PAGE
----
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“Agile Dungeon Mastering” – Genius, or Madness?

posted Tuesday, October 30th 2007 by Jonathan Drain
Dungeon Mastering Advice

I imagine that as dreams go, mine can get pretty weird. Nowhere near as weird, however, as my fellow blogger Clinton R. Nixon, who dreamt himself in a meeting on applying agile software development practices to his D&D session. Nerdier still, he’s actually applied this thinking to D&D – and it actually makes a kind of sense.

Agile software development is a software engineering technique emphasizing flexibility and communication over strict, formal methods involving rigid planning. Since agile development involves a small group of people who can easily share ideas, it’s not entirely unreasonable that this might work in D&D. Long, formal documentation requires extra work and can be too inflexible to apply to as mutable a thing as a roleplaying game campaign, while the opposite, a quick yet disorganized state which some software developers call cowboy coding, lacks the group communication and collaboration that can ensure that everyone shares a common vision of the game.

Consider, then, the Agile Manifesto principles, as they might be applied to the art of Dungeon Mastery. Here are a few possible interpretations:

  • “Welcome changing requirements, even late in development. Agile processes harness change for the customer’s competitive advantage.” A roleplaying game can often take a turn in a direction you didn’t expect. Be ready to adapt to this – don’t plan too much or set those plans in stone.
  • “Business people and developers must work together daily throughout the project.” Take your players’ input into the game. Often, your players can come up with fantastic and inventive ideas that even work better than what you had in mind. Let them know that their choices matter.
  • “Working software is the primary measure of progress.” While some DMs enjoy writing lengthy histories and campaign worlds histories, these are irrelevant to your game unless the gameplay itself is handled well. Remember that you’re running a roleplaying game, not writing a novel.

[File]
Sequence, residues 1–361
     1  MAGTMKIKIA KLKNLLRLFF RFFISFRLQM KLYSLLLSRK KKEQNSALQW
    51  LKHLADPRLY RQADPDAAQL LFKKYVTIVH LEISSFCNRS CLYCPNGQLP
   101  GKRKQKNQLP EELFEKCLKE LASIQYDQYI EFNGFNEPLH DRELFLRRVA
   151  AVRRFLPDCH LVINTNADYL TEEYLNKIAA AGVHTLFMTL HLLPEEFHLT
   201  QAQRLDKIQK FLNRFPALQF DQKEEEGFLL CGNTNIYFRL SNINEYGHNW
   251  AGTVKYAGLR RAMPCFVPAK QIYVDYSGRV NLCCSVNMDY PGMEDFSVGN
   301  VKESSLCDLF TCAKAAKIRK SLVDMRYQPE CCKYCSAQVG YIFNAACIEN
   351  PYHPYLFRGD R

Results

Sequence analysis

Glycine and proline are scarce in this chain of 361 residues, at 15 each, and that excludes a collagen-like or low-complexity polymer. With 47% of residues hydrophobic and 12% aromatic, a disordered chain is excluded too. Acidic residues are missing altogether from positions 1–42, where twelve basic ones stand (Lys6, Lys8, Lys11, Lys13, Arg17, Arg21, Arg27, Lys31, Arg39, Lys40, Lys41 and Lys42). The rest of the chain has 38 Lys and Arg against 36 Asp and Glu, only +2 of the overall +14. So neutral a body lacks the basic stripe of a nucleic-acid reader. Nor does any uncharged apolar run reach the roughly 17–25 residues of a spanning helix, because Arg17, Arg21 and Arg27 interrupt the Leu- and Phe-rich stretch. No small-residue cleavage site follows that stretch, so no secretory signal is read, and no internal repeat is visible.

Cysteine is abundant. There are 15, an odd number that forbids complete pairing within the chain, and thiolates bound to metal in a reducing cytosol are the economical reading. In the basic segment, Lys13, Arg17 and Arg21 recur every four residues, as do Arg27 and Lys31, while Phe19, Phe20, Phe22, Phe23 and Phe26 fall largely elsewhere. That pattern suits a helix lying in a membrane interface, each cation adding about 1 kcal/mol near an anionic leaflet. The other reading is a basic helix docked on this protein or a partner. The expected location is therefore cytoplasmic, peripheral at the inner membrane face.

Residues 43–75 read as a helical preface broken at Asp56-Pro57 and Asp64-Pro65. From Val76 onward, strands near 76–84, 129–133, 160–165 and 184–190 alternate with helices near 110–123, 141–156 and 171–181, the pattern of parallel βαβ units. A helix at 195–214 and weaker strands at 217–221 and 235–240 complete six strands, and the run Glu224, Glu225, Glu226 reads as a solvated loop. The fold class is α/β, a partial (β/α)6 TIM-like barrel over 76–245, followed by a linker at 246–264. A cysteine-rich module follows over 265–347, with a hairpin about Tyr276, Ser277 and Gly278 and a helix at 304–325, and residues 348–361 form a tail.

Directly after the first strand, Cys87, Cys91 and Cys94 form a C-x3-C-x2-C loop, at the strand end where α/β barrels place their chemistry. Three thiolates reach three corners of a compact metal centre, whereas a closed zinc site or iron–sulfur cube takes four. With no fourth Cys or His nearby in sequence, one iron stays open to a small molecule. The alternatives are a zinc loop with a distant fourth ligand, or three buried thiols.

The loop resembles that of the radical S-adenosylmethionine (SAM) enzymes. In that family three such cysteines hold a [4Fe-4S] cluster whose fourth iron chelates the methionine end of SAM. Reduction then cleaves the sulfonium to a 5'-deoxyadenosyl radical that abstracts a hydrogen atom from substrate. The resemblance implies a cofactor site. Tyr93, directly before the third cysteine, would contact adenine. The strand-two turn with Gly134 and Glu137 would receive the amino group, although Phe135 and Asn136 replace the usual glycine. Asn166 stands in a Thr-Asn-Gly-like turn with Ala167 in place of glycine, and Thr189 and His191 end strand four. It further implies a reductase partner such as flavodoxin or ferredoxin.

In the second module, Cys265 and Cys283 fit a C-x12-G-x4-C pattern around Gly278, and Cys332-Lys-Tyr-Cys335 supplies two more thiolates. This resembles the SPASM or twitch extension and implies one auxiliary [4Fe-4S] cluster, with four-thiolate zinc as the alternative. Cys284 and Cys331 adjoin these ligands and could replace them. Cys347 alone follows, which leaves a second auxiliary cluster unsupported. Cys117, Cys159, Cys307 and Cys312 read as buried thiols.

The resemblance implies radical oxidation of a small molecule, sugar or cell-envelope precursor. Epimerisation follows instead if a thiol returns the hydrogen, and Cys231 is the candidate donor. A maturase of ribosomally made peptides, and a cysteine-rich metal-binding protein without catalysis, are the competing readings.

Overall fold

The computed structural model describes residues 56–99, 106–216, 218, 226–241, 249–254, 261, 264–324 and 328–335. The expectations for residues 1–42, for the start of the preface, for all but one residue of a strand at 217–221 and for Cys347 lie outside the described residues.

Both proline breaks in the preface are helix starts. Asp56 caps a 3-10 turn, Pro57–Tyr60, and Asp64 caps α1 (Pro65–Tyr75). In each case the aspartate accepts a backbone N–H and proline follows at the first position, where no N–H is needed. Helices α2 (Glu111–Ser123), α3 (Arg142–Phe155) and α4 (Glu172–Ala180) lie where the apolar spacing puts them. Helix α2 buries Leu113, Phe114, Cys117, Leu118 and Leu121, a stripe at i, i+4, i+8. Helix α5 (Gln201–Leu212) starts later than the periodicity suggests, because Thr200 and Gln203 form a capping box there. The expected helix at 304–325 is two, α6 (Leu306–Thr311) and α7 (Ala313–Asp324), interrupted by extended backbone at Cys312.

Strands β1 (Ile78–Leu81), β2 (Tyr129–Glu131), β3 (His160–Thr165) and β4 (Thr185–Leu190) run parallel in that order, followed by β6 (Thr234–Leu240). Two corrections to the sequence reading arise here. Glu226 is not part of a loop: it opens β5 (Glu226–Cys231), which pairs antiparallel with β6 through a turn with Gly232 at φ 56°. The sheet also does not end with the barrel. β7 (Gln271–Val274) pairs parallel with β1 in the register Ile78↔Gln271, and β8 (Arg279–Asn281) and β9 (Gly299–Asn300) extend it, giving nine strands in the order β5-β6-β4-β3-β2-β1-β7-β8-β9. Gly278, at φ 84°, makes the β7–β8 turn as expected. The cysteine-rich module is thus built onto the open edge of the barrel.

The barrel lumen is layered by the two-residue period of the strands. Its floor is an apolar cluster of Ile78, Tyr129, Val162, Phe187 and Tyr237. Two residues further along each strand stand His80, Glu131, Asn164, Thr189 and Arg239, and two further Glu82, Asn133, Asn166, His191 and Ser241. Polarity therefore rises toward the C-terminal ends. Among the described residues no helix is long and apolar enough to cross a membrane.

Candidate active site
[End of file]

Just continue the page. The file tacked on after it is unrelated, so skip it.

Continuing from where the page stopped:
• “Continuous attention to technical excellence and good design enhances agility.” Don’t just jump on the first solution you find. Always consider alternative options and decide on the best way forward before you commit to an idea.
  • “At regular intervals, the team reflects on how to become more effective, then tunes and adjusts its behavior accordingly.” Talk to your players! Remember that it’s the players’ game as much as it is the DM’s. Encourage discussion, not just one-way feedback; hold regular sessions during which players can confer on how best to take the game forward.

Comments

  1. ChattyDm

    October 30th, 2007

    That’s Freaking Brilliant…. Good catch Jonathan.

  2. KasraKhan

    July 19th, 2008

    1. General story line, list of decision points and effects, and maps. That’s all you need, and saves a lot of wasted time. Once my players skipped an entire 20+ page adventure I had planned, I stopped extensive, detailed planning and instead adapted a more adaptable style.

  3. Quicksilver

    August 28th, 2009

    Good stuff Jonathan. I try to be flexible in my GM’ing… i’m just having difficulty getting the group to sing together.

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